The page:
Millions of people have paid tribute to the late monarch in the hours since Queen Elizabeth’s death. But in the darker corners of cyberspace, some NFT and cryptocurrency enthusiasts have sought to make light, and even tremendous profit off of this miserable situation.
The death of Queen Elizabeth has sparked the invention of innumerable so-called “meme coins” looking to capitalize on this misfortune occasion.
40+ Queen-related cryptocurrency tokens which are similar to bitcoins have emerged in decentralized exchanges on Ethereum and BNB smart chain. RIP Queen Elizabeth, London Bridge is Down, Save the Queen, QueenDoge, and Queen Elizabeth Inu are to name a few. Cryptocurrencies and meme coins are created with names or likenesses related to newsworthy or viral events in the hope that people will want to purchase and trade with them. And since the news of her Majesty’s death is on hype, several sprang on the opportunity to create Queen-themed coins as a cash grab.
Statistics are mind-blowing. Activity on the Queen Elizabeth Inu coin spiked approximately 28.506% in over 24 hours with a trading volume reaching $200,000 (£174,000). As per Dex Screener, the amount was even higher for the ‘Save The Queen’ coin i.e $700,000 (£608,000).
With that being said, let’s just start this piece of reading by remembering the Queen.
Elizabeth II, in full Elizabeth Alexandra Mary, officially Elizabeth II, by the Grace of God, of the United Kingdom of Great Britain and Northern Ireland and her other realms and territories Queen, Head of the Commonwealth, Defender of the Faith, (born April 21, 1926, London, England—died September 8, 2022, Balmoral Castle, Aberdeenshire, Scotland), queen of the United Kingdom of Great Britain and Northern Ireland from February 6, 1952, to September 8, 2022. In 2015 she surpassed Victoria to become the longest-reigning monarch in British history.
Aged 96, the queen is said to have died in peace at Balmoral in Scotland with the current King Charles and Princess Anne at her bedside. Family members including Prince Edward, Prince Harry, and Prince William sadly missed their chance to say goodbye to the queen in person.
Irrevocably, jotting one or two paragraphs won’t be able to justify how powerful she was, but let’s move this piece of writing in the direction of its main topic i.e. crypto gamblers, NFT hawkers, and Web3 enthusiasts quickly moved to cash in on the world’s attention as soon as Queen’s death was announced.
In early July this year, QueenE launched its auctions, offering a single Ethereum NFT portrait in tribute to the late Queen. The project was created by Web3 builders Fabio Sevá, Vinícius Rodrigues, Everton Matumoto, and the pseudonymous mladen. eth. It was designed to launch new procedurally generated pieces at a steady clip for the rest of the Queen’s life.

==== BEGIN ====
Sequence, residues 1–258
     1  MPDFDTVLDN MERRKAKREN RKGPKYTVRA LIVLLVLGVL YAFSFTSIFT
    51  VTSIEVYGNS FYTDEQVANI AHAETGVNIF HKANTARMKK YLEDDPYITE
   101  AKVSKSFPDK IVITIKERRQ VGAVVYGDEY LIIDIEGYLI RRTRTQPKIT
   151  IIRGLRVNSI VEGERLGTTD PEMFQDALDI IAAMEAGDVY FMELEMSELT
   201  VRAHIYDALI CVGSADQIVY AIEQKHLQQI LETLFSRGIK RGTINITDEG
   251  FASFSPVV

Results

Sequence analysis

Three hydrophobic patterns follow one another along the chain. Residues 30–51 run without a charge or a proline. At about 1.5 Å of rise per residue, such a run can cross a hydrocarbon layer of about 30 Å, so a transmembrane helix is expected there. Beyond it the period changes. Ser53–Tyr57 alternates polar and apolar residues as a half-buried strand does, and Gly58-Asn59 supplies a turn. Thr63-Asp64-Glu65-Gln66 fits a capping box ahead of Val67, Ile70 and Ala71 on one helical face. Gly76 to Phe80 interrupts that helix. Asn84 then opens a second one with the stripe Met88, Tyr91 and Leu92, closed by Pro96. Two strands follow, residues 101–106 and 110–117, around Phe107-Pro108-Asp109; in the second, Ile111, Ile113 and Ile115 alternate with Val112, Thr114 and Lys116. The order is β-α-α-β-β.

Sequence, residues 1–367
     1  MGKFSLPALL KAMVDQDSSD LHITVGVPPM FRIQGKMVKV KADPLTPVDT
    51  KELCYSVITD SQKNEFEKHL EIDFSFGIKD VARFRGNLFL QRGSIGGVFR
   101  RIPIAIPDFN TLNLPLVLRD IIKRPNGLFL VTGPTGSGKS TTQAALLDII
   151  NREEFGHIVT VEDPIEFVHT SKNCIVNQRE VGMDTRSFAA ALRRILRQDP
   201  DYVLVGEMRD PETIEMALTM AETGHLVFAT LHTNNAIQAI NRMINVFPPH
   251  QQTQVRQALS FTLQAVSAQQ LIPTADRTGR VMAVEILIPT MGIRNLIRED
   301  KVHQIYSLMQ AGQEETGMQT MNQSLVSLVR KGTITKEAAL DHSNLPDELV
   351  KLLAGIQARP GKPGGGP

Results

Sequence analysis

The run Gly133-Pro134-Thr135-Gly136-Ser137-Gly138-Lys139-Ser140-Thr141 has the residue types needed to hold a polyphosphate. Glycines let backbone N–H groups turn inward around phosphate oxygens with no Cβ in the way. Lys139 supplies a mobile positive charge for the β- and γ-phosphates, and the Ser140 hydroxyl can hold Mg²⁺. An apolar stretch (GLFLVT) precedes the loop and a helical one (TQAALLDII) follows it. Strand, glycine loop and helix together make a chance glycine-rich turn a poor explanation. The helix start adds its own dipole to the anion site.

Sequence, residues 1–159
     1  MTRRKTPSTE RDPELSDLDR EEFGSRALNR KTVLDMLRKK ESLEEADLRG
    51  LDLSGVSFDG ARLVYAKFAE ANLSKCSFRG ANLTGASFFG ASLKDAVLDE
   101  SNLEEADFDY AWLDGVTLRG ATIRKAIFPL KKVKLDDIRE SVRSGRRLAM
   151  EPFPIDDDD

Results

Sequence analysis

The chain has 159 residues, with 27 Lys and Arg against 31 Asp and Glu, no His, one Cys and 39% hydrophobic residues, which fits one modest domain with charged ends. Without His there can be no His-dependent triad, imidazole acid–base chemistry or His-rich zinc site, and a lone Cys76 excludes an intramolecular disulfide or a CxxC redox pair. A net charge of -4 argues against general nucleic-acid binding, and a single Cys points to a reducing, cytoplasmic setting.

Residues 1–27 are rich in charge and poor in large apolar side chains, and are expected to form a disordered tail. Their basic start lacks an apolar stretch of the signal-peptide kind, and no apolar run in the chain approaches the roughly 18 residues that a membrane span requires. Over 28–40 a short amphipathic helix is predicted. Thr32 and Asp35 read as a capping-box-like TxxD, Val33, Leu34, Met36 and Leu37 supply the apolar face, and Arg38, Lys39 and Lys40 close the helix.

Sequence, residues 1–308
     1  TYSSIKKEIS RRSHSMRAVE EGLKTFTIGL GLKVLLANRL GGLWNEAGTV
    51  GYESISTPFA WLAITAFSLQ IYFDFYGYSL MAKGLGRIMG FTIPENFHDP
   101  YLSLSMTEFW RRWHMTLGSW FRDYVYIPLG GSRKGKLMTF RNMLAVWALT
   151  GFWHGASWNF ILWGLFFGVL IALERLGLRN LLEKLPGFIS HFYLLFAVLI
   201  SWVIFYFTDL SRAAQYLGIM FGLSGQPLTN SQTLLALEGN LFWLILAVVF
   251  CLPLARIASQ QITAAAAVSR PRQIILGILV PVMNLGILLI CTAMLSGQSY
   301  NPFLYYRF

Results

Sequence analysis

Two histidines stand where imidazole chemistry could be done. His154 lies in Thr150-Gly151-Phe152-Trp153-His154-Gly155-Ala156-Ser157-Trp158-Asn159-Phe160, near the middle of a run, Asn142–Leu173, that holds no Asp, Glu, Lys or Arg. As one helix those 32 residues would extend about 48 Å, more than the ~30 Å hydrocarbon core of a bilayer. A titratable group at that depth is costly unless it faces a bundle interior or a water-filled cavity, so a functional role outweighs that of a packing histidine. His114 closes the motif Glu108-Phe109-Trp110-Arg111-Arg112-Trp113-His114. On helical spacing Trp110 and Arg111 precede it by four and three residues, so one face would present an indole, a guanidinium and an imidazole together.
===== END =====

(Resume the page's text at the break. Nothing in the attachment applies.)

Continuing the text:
The project forked its format and code from Nouns, an inventive NFT project that auctions a single Ethereum-based profile picture every day and admits buyers into an exclusive club—but gave it a royal twist by serving up lo-fi renditions of Queen Elizabeth II instead. Initially, the QueenE auctions occur every few hours but have mostly launched at a once-daily rate.
The project’s Twitter bio now reads, “Rest in Ethereum, forever.” Secondary sales of QueenE NFTs have picked up since the announcement of Queen Elizabeth’s death, and currently the floor price, – that is, the cheapest available item listed on a marketplace – sits at 0.88 ETH or about $1,450 at OpenSea.
As with Nouns, the proceeds from primary sales of QueenE NFTs are funnelled into the treasury, which is controlled by a decentralized autonomous organization (DAO). For those of you who don’t know, DAO is an online group with shared interests and token-based memberships. DAO members can vote on proposals that use the funds (currently 10.10 ETH, or $16,650) for several initiatives.
Undoubtedly, people were swift to hit back at the Web3 community for its lack of taste surrounding the death of Her Majesty. One of the Reddit users on crypto-hating online forum r/Buttcoin shared a screenshot of a tweet made by MaxKeiser, crypto fund Bitcoin Capital founder, claiming it “new lows”.
One more user named Spooky9999999 called out crypto owners for minting the new coins, jotting the words “insensitive crypto greed strikes again.” Meanwhile, others joked about the future of the new coins. “ElizabethMoonCorgiRocketCoin is the future world currency. Central bankers are shivering as we speak,” Chuckolater comments.
Without a doubt, the prices of the coins discussed above are extremely volatile and will not be able to sustain any sort of value in the long run. The fact cannot be neglected that cryptocurrency is a completely unregulated marketplace, and the people behind the Queen-based tokens are doing nothing but simply trying to cash in on this moment of extreme sorrow.
Innumerable coins that have already been introduced in the crypto market are based on the name of the new King Charles III.
In my opinion, it is not an excellent way to capitalize on a significant moment of sorrow in the crypto world. Queen Elizabeth II died, but the crypto community didn’t miss the chance to utilize this opportunity to its benefit. The nation has stepped into a period of official mourning that will last until seven days after the funeral.
May her soul rest in peace.